Dangerous obscurity


Let us pause, for a moment, to consider the wisdom we might glean from Twitter. Or, as Mark Sample puts it:

The new 7th edition of the MLA Handbook *still* does not know how to cite videogames.

No, really, that’s actually someone’s real tweet. But here’s the thing: It’s not crazy. One of my favorite dialogues on freedom takes place between a nano-enhanced supercop and a black Australian bartender named Isaac at a Triad-operated nightclub in Hong Kong amid a nanotechnological plague, in the video game Deux Ex.

Continue reading

The Canon – Brown’s Life Against Death


Excerpt: Life Against Death, by Norman O. Brown

… it is a Freudian theorem that each individual neurosis is not static but dynamic. It is a historical process with its own internal logic. Because of the basically unsatisfactory nature of the neurotic compromise, tension between the repressed and repressing factors persists and produces a constant series of new symptom-formations. And the series of symptom-formations is not a shapeless series of mere changes; it exhibits a regressive pattern, which Freud calls the slow return of the repressed, “It is a law of neurotic diseases that these obsessive acts serve the impulse more and more and come nearer and nearer the original and forbidden act.” The doctrine of the universal neurosis of mankind, if we take it seriously, therefore compels us to entertain the hypothesis that the pattern of history exhibits a dialectic not hitherto recognized by historians, the dialectic of neurosis.

____________________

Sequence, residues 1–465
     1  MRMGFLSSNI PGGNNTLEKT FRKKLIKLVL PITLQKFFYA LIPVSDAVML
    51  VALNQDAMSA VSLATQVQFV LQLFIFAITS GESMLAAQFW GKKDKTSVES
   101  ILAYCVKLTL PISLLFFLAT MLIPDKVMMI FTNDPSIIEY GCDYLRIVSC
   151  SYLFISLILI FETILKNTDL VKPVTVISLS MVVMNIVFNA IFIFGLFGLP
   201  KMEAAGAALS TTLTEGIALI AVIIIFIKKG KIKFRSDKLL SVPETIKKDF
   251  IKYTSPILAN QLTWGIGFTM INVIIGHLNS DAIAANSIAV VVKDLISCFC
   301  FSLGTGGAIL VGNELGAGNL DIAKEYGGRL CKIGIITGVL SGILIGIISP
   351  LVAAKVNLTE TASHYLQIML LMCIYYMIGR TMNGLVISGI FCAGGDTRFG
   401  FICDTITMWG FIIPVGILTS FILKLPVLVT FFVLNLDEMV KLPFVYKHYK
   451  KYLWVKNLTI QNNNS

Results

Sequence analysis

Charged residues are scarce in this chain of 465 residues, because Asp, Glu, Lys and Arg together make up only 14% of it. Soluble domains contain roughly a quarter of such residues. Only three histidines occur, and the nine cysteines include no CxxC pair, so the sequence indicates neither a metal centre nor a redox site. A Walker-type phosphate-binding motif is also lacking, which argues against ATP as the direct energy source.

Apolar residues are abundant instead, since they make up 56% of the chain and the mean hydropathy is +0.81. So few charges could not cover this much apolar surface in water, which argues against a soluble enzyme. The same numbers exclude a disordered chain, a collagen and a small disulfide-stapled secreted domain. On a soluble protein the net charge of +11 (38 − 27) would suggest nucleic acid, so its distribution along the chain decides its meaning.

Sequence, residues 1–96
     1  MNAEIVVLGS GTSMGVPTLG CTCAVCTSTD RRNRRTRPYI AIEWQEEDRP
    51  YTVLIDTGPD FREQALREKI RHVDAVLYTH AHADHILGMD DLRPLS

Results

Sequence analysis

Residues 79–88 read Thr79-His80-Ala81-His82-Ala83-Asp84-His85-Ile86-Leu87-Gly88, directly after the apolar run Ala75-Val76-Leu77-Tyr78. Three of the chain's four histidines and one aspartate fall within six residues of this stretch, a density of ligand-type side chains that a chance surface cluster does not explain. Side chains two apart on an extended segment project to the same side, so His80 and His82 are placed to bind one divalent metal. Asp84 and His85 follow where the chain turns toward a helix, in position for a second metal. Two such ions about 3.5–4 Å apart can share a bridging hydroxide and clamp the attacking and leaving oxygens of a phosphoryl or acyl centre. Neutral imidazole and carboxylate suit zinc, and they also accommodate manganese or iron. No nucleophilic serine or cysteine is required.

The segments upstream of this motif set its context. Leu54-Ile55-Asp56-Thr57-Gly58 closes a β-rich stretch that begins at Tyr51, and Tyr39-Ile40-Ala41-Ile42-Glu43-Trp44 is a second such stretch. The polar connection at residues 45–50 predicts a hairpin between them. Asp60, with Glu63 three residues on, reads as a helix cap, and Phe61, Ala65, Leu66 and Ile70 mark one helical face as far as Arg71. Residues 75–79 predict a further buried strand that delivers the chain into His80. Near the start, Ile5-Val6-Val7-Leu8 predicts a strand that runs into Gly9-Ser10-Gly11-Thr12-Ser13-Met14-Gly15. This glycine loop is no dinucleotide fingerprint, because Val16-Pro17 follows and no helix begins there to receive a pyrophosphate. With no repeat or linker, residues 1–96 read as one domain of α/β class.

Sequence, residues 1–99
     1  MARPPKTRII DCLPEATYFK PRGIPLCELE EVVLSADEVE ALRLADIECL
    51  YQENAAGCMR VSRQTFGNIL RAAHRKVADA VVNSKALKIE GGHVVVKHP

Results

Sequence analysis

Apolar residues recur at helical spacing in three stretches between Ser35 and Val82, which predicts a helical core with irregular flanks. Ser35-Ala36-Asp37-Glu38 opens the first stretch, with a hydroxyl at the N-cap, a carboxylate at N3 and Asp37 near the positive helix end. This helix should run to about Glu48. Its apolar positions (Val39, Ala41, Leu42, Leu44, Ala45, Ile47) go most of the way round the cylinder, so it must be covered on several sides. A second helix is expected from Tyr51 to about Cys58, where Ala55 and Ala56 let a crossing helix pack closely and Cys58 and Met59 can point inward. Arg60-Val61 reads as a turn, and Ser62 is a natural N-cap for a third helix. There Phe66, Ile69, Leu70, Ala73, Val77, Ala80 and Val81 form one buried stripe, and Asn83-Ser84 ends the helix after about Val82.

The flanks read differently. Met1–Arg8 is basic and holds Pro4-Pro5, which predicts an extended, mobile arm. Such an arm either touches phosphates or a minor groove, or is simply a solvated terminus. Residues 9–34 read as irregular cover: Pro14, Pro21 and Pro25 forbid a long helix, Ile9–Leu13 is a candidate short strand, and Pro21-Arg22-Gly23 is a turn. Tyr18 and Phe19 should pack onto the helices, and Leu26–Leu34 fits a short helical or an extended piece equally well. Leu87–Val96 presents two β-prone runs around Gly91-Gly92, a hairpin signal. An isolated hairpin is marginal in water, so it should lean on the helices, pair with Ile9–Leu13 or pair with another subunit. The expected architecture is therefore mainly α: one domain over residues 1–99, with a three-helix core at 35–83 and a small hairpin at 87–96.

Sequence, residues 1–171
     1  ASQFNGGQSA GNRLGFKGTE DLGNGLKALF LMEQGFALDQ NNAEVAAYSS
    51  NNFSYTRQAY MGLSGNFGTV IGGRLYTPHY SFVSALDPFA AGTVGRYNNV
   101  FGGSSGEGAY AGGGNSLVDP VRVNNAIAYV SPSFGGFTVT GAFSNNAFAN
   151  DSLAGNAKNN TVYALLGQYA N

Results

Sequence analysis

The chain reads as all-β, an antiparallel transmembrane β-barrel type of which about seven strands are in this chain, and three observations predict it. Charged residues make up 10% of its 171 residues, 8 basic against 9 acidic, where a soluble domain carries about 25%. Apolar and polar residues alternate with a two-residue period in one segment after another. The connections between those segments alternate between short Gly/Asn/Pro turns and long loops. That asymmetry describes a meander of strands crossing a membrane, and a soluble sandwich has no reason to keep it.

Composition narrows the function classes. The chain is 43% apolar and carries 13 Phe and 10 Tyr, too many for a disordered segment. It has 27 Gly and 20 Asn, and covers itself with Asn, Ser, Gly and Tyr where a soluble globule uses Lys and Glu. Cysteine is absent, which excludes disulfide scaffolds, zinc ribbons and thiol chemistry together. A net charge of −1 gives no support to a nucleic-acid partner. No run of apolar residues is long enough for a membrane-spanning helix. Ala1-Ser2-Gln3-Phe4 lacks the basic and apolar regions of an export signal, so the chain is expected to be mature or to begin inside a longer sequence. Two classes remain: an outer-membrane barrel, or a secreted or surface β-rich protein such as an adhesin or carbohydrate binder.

Brown, Norman O. Life Against Death: The Psychoanalytical Meaning of History. Middletown: Wesleyan University Press, 1959.

Oh, big surprise


But … Lithuania? That was always my first question about this story. And I was probably late to it. It seems to me I picked it up only a couple weeks ago.

The CIA used at least two secret detention centres in Lithuania after the 11 September 2001 terror attacks on the US, a Lithuanian inquiry has found.

The report by a Lithuanian parliamentary committee says that in 2005 and 2006 CIA chartered planes were allowed to land in Lithuania.

It says that no Lithuanian officials were allowed near the aircraft, nor were they told who was on board ….

…. Poland and Romania hosted similar CIA “black sites”, media reports say.
In Lithuania, at least eight terror suspects were held at one centre on the outskirts of the capital Vilnius, the investigation found.

It was formerly a riding school and the suspects were reportedly held there between 2004 and 2005.

In August this year, US media reports claimed that Lithuania, Poland and Romania all hosted secret CIA interrogation centres.

But the parliamentary report appears to absolve Lithuania’s political leaders of responsibility for any human rights violations that may have been committed by the CIA, the BBC’s Rupert Wingfield-Hayes reports from Moscow.

It says even the president was unaware of exactly what the US intelligence service was doing.

The only thing that’s really surprising about this is that it was Lithuania. Not that any ancient legend says they are the paladins to lead us to new enlightenment, or anything like that. But I don’t know. Is it unfair to mutter something about the Soviet experience? You know, like, you’d think Lithuania, not even twenty years out of Soviet reach ….